come connected with the established church in Ireland, and to have settled in Belfast as a friend of Arthur Chichester, first earl of Donegal, who in his will made him a bequest. In 1666 Gilbert became prebendary of Ballymore in the church of Armagh (Cotton, Fasti, iii. 51). Under the designation of ‘minister of Belfast’ Gilbert in 1683 published in London a translation of Pierre Jurieu's reply to Bossuet, under the title ‘A Preservative against the Change of Religion; or a just and true idea of the Roman catholic religion opposed to the flattering made thereof, and particularly to that of my lord of Condom; translated out of the French original.’ Gilbert prefixed a dedication, dated 3 July 1682, to the sovereign, burgesses, and inhabitants of Belfast. Gilbert's publications indicate proficiency in Hebrew, Arabic, Latin, Greek, Italian, French, and Spanish.
[Records of Government in Ireland, 1650–60; Brit. Mus. Lansdowne MS. 1228; Fuller and Holms's View of Sufferings of Quakers, 1731; Reid's Hist. of Presbyterian Church in Ireland, 1853; Benn's Hist. of Belfast, 1877.]
GILBERT, CLAUDIUS, the younger (1670–1743), ecclesiastic, only son and heir of Claudius Gilbert the elder [q. v.], minister at Limerick and Belfast, was born in the latter town in 1670. He received his early education in Belfast, entered Trinity College, Dublin, on 23 March 1685, became a fellow of that institution in 1693, and received the degrees of doctor of laws and doctor of divinity in 1706. Gilbert was for some time professor of divinity in his college, of which he was appointed vice-provost in 1716. He obtained the rectorship of Ardstraw in the county of Tyrone in 1735, and died in October 1743. He bequeathed considerable sums to various charities, and gave about thirteen thousand volumes of printed books to Trinity College. A catalogue of his books, compiled by himself, is in the possession of that institution, but it does not contain any matter of special literary interest. Gilbert's donation is commemorated by an inscription over his collection in the library of the college, and a bust of him in white marble, executed in 1758, is preserved there.
[Archives of Trinity College, Dublin; Boulter's Monument, London, 1745; Dublin Journal, 1758.]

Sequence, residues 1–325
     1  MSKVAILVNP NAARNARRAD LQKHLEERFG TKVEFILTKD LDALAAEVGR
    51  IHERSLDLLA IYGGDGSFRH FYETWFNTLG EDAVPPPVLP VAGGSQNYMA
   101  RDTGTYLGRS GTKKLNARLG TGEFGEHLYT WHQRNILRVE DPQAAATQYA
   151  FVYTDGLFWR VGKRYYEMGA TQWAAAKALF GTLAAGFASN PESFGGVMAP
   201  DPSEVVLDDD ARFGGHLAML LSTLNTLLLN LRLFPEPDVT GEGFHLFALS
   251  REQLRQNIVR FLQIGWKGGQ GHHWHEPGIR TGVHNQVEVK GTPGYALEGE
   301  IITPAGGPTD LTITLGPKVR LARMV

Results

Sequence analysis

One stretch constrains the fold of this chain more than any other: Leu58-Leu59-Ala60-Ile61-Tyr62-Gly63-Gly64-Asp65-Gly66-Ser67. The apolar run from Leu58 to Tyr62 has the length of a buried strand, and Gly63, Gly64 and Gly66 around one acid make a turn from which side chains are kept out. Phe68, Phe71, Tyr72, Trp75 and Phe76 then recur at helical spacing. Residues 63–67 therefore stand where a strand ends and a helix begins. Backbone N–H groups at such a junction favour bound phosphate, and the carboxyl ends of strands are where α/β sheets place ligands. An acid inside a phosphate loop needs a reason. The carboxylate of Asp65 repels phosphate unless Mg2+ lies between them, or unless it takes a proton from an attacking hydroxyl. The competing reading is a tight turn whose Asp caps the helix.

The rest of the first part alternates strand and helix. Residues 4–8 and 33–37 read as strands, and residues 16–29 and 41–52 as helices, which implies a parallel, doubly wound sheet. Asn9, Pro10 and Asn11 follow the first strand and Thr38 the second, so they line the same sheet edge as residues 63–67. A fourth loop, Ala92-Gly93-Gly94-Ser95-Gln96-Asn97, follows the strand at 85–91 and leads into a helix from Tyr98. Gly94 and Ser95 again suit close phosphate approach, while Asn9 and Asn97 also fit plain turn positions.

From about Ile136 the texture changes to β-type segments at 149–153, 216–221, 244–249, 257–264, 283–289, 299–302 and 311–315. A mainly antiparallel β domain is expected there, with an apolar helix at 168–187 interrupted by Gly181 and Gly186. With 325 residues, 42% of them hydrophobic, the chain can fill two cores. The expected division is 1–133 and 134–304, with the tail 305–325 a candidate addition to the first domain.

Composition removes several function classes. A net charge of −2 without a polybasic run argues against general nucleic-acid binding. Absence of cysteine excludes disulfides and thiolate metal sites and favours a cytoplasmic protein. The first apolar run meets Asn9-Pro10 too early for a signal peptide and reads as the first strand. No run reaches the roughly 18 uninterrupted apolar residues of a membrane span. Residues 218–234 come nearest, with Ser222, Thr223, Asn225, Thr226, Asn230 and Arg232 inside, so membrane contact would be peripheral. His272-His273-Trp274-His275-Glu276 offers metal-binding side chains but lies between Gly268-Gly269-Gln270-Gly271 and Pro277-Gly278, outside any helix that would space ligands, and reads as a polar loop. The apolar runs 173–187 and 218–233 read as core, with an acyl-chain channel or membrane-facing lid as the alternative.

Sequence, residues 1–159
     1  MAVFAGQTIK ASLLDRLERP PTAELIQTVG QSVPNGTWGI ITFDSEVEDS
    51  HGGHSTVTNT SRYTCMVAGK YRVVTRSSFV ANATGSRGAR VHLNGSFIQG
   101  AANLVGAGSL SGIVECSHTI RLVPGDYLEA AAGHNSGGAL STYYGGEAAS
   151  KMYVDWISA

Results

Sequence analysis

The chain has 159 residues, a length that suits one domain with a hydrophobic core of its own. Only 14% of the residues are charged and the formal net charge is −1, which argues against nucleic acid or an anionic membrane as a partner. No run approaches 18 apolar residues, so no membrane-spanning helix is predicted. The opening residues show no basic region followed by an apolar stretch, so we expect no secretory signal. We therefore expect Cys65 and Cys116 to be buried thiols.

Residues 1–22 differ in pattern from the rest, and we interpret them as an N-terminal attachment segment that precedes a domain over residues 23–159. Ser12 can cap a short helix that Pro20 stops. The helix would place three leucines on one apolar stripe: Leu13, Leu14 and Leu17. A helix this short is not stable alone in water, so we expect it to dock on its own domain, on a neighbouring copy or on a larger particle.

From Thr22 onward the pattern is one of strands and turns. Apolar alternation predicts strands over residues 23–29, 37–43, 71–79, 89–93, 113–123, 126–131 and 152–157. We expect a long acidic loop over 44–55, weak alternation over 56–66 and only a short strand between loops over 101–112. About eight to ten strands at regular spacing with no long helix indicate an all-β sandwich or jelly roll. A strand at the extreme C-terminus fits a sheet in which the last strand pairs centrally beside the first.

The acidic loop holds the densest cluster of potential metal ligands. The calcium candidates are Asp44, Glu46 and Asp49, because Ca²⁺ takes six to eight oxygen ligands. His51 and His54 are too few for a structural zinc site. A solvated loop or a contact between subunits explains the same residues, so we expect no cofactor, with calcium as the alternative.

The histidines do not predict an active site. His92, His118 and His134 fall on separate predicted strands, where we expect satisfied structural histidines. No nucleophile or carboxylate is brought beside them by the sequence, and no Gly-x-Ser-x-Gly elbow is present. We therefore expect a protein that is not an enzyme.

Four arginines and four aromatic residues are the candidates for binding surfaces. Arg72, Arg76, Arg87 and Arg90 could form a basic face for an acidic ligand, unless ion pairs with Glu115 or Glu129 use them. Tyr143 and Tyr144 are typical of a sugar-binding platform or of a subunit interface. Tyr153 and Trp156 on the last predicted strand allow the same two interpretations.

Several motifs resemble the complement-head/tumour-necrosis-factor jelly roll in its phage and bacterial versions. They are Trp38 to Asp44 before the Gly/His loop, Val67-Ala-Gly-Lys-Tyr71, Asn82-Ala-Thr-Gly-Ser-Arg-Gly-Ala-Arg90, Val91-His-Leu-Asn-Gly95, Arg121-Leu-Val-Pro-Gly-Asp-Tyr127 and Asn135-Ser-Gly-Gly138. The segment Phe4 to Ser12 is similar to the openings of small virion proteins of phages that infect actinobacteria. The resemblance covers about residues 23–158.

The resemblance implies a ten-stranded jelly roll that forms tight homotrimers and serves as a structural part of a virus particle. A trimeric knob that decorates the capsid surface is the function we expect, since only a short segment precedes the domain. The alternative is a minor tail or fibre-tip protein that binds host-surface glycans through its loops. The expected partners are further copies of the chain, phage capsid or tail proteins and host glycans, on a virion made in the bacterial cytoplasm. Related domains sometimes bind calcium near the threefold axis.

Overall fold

GILBERT (formerly GIDDY), DAVIES (1767–1839), president of the Royal Society, was born in the parish of St. Erth, Cornwall, on 6 March 1767. His father, the Rev. Edward Giddy, sometime curate of St. Erth, died 6 March 1814 having married in 1765 Catherine, daughter and heiress of John Davies of Tredrea, St. Erth; she died in 1803. Davies Giddy, the only child, was educated at the Penzance grammar school and at a boarding-school at Bristol. He matriculated from Pembroke College, Oxford, as a gentleman-commoner, 12 April 1785, and was created M.A. in 1789 and D.C.L. in 1832. His tastes were literary, and at an early age he cultivated the company of men of letters. He joined the Linnean Society, and was one of the promoters of the Geological Society of Cornwall, founded in 1814. He was president of the latter society, and never omitted to pay an annual visit to Cornwall to preside at its anniversary meetings. While at Oxford he contracted an intimacy with Thomas Beddoes, M.D. [q. v.], who in 1793 dedicated to him his ‘Observations on the Nature of Demonstrative Evidence.’ During 1792–3 Giddy served the office of high sheriff for his native county. One of the most noted events in his life is the part he performed in encouraging the early talents of Sir Humphry Davy [q. v.] Among others whom he helped to advance in life were the Rev. Malachi Hitchins [q. v.] and the Rev. John Hellins [q. v.] He made calculations to assist Richard Trevithick and the two Hornblowers in their endeavours to improve the steam-engine, and calculated for Thomas Telford the length of the chains required for the Menai Bridge. On 26 May 1804 he was elected to parliament for the borough of Helston in Cornwall, and at the next election, 1 Nov. 1806, was returned for Bodmin, which town he represented until 3 Dec. 1832. He was one of the most assiduous members who ever sat in the House of Commons, and perhaps unequalled for his service on committees. He helped to pass the act repealing the duty on salt, with a view to assisting the pilchard fishery of Cornwall. He devoted to public business nearly the whole of his time, and was remarkable for the short period which he spent in sleep. He took a prominent part in parliamentary investigations connected with the arts and sciences. On 18 April 1808 he married Mary Ann, only daughter and heiress of Thomas Gilbert of Eastbourne. By this marriage he acquired very extensive estates in the neighbourhood of that town, which, added to the landed property in Cornwall he afterwards inherited from his father, placed him in very affluent circumstances. On the levels of Pevensey, a portion of his Sussex estates, he planned and accomplished extensive improvements. He took the name and arms of Gilbert in lieu of those of Giddy, pursuant to royal sign-manual 10 Dec. 1817, and the family names of his children were also